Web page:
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RIGHT TO SPEEDY, IMPARTIAL AND PUBLIC TRIAL

FLORES V PEOPLE OF THE PHILIPPINES


[G.R. NO. 25769. DECEMBER 10, 1974]
FERNANDO, J.:

Facts: Accordingly, the case was returned to the lower court with the former decision set aside so that the
trial could be had, but nothing was done for about a year because the offended party failed to appear
notwithstanding the six or seven dates set for such hearing. After five more years having elapsed without
anything being done, petitioners sought the dismissal of the cases against them due to such inordinate
delay in their disposition, which covered the period of December 8, 1955 to May 10, 1965, a period of
almost a decade; thus did they invoke their constitutional right to a speedy trial.

Issue/s: Whether or not the right to speedy trial of the petitioners Francisco Flores and Francisco Angel
had been accorded due respect.

Ruling: The constitutional right to a speedy trial means one free from vexatious, capricious and
oppressive delays. Thus, if the person accused were innocent, he may within the shortest time possible be
spared from anxiety and apprehension arising from a prosecution, and if culpable, he will not be kept long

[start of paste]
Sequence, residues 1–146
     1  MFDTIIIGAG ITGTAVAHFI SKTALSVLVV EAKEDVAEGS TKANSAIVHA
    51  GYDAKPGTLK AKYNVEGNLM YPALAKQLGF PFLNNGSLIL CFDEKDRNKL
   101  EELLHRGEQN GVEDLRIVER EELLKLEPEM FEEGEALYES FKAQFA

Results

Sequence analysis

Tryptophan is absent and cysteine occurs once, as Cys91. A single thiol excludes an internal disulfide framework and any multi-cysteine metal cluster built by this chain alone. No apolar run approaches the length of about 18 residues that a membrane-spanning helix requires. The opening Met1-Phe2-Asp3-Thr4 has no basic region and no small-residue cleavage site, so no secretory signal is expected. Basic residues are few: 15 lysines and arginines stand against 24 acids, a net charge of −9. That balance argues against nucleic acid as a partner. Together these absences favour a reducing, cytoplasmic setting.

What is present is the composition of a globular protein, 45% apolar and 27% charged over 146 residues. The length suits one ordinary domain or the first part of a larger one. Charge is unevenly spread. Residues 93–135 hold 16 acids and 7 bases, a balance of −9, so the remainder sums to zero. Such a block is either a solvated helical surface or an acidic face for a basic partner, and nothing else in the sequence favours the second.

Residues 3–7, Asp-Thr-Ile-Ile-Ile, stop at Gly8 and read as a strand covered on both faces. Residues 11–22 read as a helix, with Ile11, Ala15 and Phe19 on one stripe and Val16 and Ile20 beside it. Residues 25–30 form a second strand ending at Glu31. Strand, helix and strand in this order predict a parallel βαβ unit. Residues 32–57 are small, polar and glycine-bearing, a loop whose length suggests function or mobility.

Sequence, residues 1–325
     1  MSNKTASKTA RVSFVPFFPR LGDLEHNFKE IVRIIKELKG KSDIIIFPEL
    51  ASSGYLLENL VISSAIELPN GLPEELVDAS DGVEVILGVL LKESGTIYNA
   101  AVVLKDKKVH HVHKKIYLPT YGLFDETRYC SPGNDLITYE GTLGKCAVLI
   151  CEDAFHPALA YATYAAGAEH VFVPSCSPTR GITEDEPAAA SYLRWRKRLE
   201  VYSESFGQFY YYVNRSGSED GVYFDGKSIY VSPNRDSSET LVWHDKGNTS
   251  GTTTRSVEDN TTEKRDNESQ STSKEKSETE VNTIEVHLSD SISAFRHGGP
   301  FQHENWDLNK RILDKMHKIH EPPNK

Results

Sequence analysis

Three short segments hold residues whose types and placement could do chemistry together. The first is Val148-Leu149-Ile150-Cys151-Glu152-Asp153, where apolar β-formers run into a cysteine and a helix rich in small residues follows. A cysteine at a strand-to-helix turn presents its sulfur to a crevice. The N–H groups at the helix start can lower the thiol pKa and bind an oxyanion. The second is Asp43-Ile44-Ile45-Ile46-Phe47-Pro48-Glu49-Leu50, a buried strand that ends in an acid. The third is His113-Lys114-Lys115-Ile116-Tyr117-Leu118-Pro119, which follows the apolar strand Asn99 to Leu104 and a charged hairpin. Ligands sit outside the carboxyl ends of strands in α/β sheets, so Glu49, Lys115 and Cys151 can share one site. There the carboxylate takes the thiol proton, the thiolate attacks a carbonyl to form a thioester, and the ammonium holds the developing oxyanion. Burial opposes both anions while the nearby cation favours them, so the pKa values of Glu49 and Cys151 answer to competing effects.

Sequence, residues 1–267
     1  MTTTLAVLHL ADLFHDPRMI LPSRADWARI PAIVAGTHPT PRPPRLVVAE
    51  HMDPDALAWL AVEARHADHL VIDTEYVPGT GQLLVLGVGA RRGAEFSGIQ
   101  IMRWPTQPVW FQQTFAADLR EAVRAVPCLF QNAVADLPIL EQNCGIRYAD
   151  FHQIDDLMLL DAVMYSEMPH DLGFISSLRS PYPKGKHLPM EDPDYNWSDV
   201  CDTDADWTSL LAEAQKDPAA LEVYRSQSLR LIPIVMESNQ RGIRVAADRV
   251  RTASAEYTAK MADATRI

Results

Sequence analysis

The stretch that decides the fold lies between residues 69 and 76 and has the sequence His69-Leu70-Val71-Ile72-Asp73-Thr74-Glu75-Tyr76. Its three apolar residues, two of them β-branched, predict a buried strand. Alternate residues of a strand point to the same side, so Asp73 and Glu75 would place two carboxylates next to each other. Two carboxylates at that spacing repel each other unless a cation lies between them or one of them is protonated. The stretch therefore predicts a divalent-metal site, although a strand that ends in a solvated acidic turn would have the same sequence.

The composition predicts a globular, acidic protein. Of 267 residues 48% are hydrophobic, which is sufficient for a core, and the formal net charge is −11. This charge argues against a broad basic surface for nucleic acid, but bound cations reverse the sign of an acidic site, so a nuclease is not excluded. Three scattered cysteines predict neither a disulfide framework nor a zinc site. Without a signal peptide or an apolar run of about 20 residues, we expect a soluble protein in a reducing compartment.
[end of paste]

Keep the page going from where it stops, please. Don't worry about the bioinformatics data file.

in suspense as to the fate in store for him, within a period, of course, compatible with his opportunity to
present any valid defense. The remedy in the event of a non-observance of this right is by habeas corpus if
the accused were restrained of his liberty, or by certiorari, prohibition, or mandamus for the final
dismissal of the case. the dismissal of a second information for frustrated homicide was ordered by this
Court, where the evidence disclosed that the first information had been dismissed after a lapse of one year
and seven months from the time the original complaint was filed during which time on the three occasions
the case was set for trial, the private prosecutor twice asked for postponements and once the trial court
itself cancelled the entire calendar for the month it was supposed to have been heard.
The Constitution does not say that the right to a speedy trial may be availed of only where the prosecution
for crime is commenced and undertaken by the fiscal. It does not exclude from its operation cases
commenced by private individuals. Where once a person is prosecuted criminally, he is entitled to a
speedy trial, irrespective of the nature of the offense or the manner in which it is authorized to be
commenced.
In this case then, as of May 10, 1965, when they moved to dismiss in the Court of Appeals, petitioners
could validly contend that they had not been accorded their right to be tried as promptly as circumstances
permit. It was not the pendency in the Court of Appeals of their cases that should be deemed material. It is
at times unavoidable that appellate tribunals cannot, even with due diligence, put an end to suits elevated
to them.
What cannot be sanctioned was its failure to accord respect to this particular constitutional right. It did
amount at the very least to grave abuse of discretion. Whatever deficiency in the pleading may then be
singled out, it cannot obscure the obvious disregard of one of the most important safeguards granted an
accused. To deny petitioners the remedy sought would be to exalt form over substance. The criminal case
against petitioners in the aforesaid CA-GR No. 16641-R is ordered dismissed.